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Key to families | Table of families and genera
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Annual to tree, glandular or not. Leaf: simple to palmately or pinnately compound, generally alternate; stipules free to fused (0), persistent to deciduous. Inflorescence: cyme, raceme, panicle, cluster, or flowers 1; bractlets on pedicel ("pedicel bractlets") generally 0–3(many), subtended by bract or generally not. Flower: generally bisexual, radial; hypanthium free or fused to ovary, saucer- to funnel-shaped, subtending bractlets ("hypanthium bractlets") 0–5, alternate sepals; sepals generally 5; petals generally 5, free; stamens (0,1)5–many, anther pollen sacs generally 2; pistils (0)1–many, simple or compound, ovary superior to inferior, styles 1–5. Fruit: 1–many per flower, achene (fleshy-coated or not), follicle, drupe, or pome with generally papery core, occasionally drupe-like with 1–5 stones. Seed: generally 1–5 (per fruit, not per flower).
110 genera, ± 3000 species: worldwide, especially temperate; many cultivated for ornamental, fruit, especially Cotoneaster, Fragaria, Malus, Prunus, Pyracantha, Rosa, Rubus. [Potter et al. 2007 Plant Syst Evol 266:5–43] Number of teeth is per leaf or leaflet, not per side of leaf or leaflet, except in Drymocallis. —Scientific Editors: Daniel Potter, Thomas J. Rosatti.
Unabridged references: [Robertson 1974 J Arnold Arbor 55:303–332, 344–401, 611–662]
Key to Rosaceae
Perennial herb, ± nonglandular, rhizomes short, stolons leafless. Leaf: basal, 1-ternately compound; leaflet teeth generally entire. Inflorescence: cyme, ± umbel-like, open, 1–several-flowered; pedicels recurved in fruit, bractlets 0. Flower: hypanthium shallow, bractlets 5, narrower than sepals; sepals, petals ± obovate, generally white; stamens 20–35, filaments ± flat, pollen sac 1, horseshoe-shaped; pistils many, ovaries superior, jointed to stout style on side. Fruit: achenes many on enlarged, fleshy, red receptacle.Key to Fragaria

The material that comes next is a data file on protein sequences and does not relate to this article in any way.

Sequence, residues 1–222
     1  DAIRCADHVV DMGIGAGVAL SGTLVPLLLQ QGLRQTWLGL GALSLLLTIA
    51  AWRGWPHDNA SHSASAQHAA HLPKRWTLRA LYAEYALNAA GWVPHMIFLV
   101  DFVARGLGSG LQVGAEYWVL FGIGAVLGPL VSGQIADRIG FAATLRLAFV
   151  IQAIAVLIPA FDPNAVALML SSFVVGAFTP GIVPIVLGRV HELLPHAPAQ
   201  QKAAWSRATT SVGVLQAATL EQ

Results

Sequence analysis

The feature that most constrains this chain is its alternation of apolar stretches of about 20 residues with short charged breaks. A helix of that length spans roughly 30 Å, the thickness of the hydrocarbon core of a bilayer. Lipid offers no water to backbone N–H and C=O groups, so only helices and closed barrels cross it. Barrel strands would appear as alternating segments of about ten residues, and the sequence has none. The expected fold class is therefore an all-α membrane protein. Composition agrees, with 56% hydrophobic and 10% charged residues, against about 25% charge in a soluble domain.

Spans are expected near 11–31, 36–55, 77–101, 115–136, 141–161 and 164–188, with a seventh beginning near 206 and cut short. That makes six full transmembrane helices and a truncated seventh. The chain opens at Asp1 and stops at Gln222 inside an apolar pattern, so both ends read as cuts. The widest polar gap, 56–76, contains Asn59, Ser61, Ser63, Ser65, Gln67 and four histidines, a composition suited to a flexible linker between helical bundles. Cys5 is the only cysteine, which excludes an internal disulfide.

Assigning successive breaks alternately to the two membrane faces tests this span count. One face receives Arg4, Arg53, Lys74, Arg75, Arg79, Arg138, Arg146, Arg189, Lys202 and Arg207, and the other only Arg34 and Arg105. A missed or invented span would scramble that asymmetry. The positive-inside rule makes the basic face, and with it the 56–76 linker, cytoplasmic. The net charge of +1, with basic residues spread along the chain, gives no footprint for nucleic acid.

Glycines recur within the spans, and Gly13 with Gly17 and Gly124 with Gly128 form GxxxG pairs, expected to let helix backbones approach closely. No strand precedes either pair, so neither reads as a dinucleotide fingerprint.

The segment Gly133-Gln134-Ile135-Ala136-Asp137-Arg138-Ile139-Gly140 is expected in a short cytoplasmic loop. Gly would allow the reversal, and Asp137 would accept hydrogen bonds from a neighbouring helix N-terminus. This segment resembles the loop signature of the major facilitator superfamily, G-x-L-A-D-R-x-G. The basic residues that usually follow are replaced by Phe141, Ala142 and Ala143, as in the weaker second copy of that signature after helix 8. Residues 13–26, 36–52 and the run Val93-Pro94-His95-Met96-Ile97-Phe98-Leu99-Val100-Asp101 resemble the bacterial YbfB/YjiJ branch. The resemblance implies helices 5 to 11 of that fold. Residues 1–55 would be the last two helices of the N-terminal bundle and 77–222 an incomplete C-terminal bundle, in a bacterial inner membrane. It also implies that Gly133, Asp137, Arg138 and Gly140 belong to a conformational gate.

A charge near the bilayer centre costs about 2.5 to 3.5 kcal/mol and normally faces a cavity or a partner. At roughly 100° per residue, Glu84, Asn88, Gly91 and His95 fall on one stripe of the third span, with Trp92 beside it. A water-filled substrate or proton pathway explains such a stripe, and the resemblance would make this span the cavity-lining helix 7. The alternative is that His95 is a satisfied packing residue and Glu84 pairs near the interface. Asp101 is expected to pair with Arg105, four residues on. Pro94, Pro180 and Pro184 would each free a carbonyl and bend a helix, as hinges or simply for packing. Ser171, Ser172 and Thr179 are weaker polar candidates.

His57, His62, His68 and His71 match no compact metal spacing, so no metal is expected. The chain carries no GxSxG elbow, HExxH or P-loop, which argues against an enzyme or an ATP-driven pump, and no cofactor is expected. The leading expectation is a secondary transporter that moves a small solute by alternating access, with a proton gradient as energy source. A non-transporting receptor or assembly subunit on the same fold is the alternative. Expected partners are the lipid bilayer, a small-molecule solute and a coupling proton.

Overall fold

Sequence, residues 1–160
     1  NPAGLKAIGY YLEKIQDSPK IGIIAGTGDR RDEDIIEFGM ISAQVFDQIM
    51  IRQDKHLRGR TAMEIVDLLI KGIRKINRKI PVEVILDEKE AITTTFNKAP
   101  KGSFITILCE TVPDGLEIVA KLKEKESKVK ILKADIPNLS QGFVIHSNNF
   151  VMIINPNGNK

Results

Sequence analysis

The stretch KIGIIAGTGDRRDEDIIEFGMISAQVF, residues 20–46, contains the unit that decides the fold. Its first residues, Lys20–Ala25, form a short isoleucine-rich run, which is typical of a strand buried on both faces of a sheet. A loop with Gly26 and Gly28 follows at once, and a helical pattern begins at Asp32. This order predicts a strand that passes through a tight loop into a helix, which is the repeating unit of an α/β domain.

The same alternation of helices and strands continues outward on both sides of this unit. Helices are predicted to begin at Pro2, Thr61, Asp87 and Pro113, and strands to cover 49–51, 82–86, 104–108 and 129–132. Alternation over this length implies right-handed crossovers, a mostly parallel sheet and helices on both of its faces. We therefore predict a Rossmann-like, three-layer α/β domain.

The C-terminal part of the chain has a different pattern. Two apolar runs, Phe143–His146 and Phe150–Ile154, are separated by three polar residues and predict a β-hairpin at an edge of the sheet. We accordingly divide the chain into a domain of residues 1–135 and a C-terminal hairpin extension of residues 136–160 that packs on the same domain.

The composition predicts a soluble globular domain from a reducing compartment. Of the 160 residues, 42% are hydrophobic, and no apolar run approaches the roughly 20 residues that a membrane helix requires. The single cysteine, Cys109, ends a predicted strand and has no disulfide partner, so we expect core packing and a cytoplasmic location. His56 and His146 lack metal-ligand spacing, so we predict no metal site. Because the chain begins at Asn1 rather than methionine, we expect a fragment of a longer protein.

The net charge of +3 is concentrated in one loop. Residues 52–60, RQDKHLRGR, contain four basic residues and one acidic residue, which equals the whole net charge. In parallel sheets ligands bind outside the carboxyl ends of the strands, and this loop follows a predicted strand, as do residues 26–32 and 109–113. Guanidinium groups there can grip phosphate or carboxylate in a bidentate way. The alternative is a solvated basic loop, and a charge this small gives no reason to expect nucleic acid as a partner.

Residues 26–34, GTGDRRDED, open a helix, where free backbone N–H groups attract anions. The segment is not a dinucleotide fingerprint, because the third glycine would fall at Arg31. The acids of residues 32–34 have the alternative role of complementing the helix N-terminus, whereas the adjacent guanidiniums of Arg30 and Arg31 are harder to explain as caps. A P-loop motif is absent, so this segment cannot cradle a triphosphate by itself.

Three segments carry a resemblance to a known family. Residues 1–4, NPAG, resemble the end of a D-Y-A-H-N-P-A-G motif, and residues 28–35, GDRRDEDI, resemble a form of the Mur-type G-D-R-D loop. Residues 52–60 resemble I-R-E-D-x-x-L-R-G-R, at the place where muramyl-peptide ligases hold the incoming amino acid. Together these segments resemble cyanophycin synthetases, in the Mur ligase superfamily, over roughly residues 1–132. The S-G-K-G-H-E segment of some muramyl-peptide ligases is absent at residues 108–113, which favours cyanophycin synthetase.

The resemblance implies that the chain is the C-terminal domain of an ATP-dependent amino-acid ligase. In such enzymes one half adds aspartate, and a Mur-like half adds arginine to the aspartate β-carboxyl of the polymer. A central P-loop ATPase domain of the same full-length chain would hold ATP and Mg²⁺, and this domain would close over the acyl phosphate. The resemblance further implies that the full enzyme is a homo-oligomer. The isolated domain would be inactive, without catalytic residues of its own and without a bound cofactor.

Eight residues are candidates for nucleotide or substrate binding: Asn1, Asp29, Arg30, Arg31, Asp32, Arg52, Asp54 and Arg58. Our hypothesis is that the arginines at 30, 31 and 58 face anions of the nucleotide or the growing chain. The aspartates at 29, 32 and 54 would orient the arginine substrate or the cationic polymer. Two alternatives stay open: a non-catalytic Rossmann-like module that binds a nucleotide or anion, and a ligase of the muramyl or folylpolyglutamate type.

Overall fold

± 20 species: generally northern temperate. (Latin: fragrant) [Hancock et al. 2004 Canad J Bot 82:1632–1644] Species intergrade.
Unabridged note: Characters include calyx orientation, fruit size used to define subspecies despite evident lack of taxonomic value.
Often dioecious. Stem: generally 5–20 cm. Leaf: thick, leathery; petiole generally 2–20 cm; central leaflet stalk 1–10 mm, blade 10–60 mm, obovate, densely hairy abaxially, generally glabrous adaxially, rounded to truncate, teeth generally 7–11, above middle, rounded-obtuse, central tooth << adjacent. Inflorescence: exceeded by to exceeding leaves. Flower: generally 20–40 mm wide; hypanthium bractlets unlobed; sepals 6–10 mm; petals (8)10–18 mm. Fruit: receptacle 10–20 mm; achene 1.5–2 mm.
n=28. Ocean beaches, coastal grassland; < 200 m. North Coast, Central Coast; to Alaska; also coastal South America, Hawaii. [Fragaria chiloensis subsp. lucida (E. Vilm. ex J. Gay) Staudt; Fragaria chiloensis subsp. pacifica Staudt] Feb–Nov [Online Interchange]
Unabridged note: Hybridizes with Fragaria vesca (2n=35,42,63; Fragaria ×bringhurstii Staudt), putative hybrids with Fragaria virginiana (Fragaria ×ananassa subsp. cuneifolia (Howell) Staudt) spontaneous, do not merit taxonomic status.
Previous taxon: Fragaria
Next taxon: Fragaria vesca
Citation for the whole project: Jepson Flora Project (eds.) 2013. Jepson eFlora, http://ucjeps.berkeley.edu/IJM.html, accessed on Nov 25 2015
Citation for this treatment: [Author of taxon treatment] 2013. Fragaria, in Jepson Flora Project (eds.) Jepson eFlora, http://ucjeps.berkeley.edu/cgi-bin/get_IJM.pl?tid=26018, accessed on Nov 25 2015
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|Geographic subdivisions indicated for the distribution of Fragaria chiloensis|| Markers link to CCH specimen records. If the markers are obscured, reload the page [or change window size and reload]. Yellow markers indicate records that may provide evidence for eFlora range revision or may have georeferencing or identification issues.
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(Note: any qualifiers in the taxon distribution description, such as 'northern', 'southern', 'adjacent' etc., are not reflected in the map above, and in some cases indication of a taxon in a subdivision is based on a single collection or author-verified occurence).
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